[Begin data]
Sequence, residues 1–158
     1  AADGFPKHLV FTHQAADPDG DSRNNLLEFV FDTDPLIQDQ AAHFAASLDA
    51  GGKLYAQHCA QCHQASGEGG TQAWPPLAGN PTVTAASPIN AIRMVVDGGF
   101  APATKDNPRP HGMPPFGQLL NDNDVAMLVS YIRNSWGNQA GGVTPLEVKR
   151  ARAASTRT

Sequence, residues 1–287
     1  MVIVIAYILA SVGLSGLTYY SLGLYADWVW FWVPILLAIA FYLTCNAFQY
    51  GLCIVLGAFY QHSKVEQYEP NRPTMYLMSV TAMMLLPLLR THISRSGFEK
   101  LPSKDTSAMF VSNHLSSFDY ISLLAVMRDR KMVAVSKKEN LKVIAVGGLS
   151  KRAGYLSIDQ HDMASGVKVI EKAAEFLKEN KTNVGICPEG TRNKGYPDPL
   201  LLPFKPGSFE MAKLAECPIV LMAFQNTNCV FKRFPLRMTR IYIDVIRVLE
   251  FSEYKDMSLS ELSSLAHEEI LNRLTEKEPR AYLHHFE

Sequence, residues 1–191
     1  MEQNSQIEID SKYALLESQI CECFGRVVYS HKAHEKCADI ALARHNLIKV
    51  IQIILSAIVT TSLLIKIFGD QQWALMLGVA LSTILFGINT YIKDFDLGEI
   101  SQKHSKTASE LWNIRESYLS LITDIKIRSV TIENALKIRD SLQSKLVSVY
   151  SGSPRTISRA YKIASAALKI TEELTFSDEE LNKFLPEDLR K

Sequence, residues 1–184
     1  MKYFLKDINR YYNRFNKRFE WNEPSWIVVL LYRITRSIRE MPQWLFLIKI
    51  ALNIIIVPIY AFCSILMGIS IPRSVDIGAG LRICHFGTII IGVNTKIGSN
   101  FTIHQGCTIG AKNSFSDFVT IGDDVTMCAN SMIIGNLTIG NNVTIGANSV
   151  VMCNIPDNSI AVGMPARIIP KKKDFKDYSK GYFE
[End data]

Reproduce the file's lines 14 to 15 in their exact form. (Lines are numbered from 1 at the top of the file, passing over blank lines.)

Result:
     1  MEQNSQIEID SKYALLESQI CECFGRVVYS HKAHEKCADI ALARHNLIKV
    51  IQIILSAIVT TSLLIKIFGD QQWALMLGVA LSTILFGINT YIKDFDLGEI